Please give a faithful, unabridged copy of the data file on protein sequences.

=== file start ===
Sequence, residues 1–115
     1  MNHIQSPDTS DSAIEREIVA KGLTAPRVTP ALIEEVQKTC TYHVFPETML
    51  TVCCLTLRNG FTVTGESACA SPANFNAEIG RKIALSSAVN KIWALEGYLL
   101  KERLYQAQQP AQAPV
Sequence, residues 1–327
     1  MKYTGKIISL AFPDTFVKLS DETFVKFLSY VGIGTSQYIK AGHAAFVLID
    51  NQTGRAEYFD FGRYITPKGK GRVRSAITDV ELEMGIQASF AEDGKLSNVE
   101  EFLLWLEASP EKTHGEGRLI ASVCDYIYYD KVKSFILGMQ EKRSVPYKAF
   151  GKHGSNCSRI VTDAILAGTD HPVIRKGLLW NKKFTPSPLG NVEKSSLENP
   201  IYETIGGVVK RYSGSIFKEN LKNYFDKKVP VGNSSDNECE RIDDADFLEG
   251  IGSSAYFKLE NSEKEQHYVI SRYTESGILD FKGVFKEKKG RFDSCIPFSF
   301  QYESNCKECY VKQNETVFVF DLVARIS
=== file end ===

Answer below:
Sequence, residues 1–115
     1  MNHIQSPDTS DSAIEREIVA KGLTAPRVTP ALIEEVQKTC TYHVFPETML
    51  TVCCLTLRNG FTVTGESACA SPANFNAEIG RKIALSSAVN KIWALEGYLL
   101  KERLYQAQQP AQAPV
Sequence, residues 1–327
     1  MKYTGKIISL AFPDTFVKLS DETFVKFLSY VGIGTSQYIK AGHAAFVLID
    51  NQTGRAEYFD FGRYITPKGK GRVRSAITDV ELEMGIQASF AEDGKLSNVE
   101  EFLLWLEASP EKTHGEGRLI ASVCDYIYYD KVKSFILGMQ EKRSVPYKAF
   151  GKHGSNCSRI VTDAILAGTD HPVIRKGLLW NKKFTPSPLG NVEKSSLENP
   201  IYETIGGVVK RYSGSIFKEN LKNYFDKKVP VGNSSDNECE RIDDADFLEG
   251  IGSSAYFKLE NSEKEQHYVI SRYTESGILD FKGVFKEKKG RFDSCIPFSF
   301  QYESNCKECY VKQNETVFVF DLVARIS